Description: This document contains an outline of an oral presentation on environmental radiation standards presented to the American Nuclear Societies' Topical Conference on Population Exposure from the Nuclear Fuel Cycle. The paper contains several definitions, a summary of current radiation exposure limits; and numerous proposed changes to current standards. 7 figs. (TEM)
Date: January 1, 1987
Creator: Kocher, D.C.
Partner: UNT Libraries Government Documents Department

Hierarchical decomposition approach to environmental policy analysis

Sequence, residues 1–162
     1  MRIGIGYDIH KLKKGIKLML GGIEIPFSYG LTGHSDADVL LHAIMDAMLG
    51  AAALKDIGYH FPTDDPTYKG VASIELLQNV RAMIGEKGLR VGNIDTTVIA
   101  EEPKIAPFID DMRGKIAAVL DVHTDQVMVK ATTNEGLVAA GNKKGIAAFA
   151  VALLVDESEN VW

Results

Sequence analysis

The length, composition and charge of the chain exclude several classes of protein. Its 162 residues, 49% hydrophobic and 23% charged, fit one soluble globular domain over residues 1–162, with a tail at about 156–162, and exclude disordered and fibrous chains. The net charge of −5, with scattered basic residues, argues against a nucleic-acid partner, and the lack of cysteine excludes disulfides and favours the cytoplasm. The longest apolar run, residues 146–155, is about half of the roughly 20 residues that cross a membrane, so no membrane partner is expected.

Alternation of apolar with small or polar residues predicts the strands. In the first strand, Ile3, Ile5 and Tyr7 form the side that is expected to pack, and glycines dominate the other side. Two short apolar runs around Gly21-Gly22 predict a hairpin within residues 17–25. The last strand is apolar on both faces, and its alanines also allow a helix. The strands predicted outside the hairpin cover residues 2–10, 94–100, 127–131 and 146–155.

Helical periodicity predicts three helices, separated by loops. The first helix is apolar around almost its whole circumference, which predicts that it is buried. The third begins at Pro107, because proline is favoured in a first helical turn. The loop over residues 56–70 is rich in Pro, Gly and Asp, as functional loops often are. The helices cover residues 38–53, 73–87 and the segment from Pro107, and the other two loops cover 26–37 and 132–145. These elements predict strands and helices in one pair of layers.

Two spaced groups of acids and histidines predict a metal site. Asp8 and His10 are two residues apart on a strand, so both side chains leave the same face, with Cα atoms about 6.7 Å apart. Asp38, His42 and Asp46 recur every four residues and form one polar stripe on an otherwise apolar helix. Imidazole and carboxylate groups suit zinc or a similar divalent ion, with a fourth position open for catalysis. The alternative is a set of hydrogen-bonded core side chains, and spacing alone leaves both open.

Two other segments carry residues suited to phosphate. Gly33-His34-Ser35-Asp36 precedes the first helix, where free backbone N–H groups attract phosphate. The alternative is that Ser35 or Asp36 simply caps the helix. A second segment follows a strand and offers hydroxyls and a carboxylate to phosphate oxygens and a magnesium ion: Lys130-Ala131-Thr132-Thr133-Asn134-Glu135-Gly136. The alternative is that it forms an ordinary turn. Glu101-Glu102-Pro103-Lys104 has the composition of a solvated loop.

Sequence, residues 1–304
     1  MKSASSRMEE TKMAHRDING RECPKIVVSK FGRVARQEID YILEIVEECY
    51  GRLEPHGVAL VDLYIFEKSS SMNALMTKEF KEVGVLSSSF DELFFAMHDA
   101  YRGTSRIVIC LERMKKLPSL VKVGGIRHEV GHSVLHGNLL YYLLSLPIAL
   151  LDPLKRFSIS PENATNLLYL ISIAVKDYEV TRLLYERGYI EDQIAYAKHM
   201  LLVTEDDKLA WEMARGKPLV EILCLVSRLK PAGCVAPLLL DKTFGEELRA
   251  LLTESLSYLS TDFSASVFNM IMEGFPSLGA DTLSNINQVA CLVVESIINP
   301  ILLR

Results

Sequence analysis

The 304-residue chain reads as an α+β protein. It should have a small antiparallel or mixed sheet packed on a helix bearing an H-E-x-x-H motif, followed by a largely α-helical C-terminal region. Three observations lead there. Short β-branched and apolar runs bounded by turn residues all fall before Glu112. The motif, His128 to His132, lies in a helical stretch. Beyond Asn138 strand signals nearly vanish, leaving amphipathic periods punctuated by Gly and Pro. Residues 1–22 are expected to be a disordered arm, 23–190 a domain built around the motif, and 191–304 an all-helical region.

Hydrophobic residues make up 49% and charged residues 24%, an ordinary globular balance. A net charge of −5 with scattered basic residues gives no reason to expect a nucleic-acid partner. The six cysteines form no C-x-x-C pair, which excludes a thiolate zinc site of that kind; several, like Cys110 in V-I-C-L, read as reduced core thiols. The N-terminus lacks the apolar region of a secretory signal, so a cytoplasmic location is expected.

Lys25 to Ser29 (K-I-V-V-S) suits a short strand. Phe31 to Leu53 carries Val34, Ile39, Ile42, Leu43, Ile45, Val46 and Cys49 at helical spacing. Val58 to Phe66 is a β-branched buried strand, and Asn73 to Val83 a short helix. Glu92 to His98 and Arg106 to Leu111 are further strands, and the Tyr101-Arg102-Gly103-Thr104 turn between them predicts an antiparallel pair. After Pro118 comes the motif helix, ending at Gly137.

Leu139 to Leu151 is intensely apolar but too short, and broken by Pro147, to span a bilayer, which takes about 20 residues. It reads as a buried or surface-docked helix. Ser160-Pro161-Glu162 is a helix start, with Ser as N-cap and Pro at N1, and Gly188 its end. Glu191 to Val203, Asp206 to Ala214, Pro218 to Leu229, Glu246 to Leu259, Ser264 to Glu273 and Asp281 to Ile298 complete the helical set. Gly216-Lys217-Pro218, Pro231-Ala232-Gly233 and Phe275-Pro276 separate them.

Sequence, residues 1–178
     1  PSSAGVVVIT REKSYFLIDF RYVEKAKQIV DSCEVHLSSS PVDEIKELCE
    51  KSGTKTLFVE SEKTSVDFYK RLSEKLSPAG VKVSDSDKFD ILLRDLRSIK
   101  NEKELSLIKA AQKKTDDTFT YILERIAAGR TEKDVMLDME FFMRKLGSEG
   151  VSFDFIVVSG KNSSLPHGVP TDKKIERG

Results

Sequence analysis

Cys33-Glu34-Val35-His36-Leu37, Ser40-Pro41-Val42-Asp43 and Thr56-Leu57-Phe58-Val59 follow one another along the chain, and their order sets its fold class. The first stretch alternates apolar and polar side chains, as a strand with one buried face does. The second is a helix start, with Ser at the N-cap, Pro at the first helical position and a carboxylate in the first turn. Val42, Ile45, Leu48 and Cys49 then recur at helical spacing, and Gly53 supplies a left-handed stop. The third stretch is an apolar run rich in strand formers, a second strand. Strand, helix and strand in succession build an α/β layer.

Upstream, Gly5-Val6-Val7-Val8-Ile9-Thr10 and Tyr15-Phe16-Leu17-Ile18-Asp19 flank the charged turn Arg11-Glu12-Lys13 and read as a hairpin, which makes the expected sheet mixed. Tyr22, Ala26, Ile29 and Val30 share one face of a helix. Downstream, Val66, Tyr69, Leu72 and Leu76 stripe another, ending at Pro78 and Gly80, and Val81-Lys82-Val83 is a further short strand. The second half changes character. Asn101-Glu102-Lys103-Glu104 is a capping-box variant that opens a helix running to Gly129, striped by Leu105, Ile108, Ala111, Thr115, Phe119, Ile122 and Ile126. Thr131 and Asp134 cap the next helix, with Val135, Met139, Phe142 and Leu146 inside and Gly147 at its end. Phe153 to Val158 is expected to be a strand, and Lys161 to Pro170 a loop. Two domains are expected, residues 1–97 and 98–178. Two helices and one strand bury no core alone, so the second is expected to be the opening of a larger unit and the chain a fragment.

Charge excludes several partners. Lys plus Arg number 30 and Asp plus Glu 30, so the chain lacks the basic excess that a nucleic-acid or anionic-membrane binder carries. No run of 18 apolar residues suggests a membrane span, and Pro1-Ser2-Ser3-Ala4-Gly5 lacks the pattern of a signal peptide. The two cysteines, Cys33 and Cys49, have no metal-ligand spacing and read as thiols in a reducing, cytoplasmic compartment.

Description: This paper presents a methodology for environmental analysis that starts with the regional and national models, in this case the Multi-Regional energy System Optimization Model (M-RESOM) and the Brookhaven Energy System Optimization Model (BESOM), used in a mode for solar technology assessment. The linkage from BESOM through the National Long Term Inter-industry and Transactions Model (LTIM), also known as the Hudson-Jorgenson Model, ensures that the effect of energy prices and capital requirements on the economy is properly accounted for. Disaggregation to sectors is made through the Brookhaven Univ. of Illinois input-output model, and the national energy supply, energy demand, and non-energy sectoral outputs are calibrated (used as control totals) for the regional model. The regional model is then used for energy siting through the County Level Electric Facility Siting Model (CLEFS) and as a check on the geographic disaggregation for energy activity through the Office of the Bureau of Economic Research Service (OBERS) projections. By following either of these paths, residuals can be generated either by the National Emissions Data System (NEDS) or by allocating the regional emissions in accordance with the outcome of the siting model. Finally, the emissions now localized at the county level are fed into the emissions transport model that determines the air quality. These can be used with a damage function to determine the health impact of energy generation emissions, and with appropriate coefficients, to determine the health impacts of extraction, transport, and processing.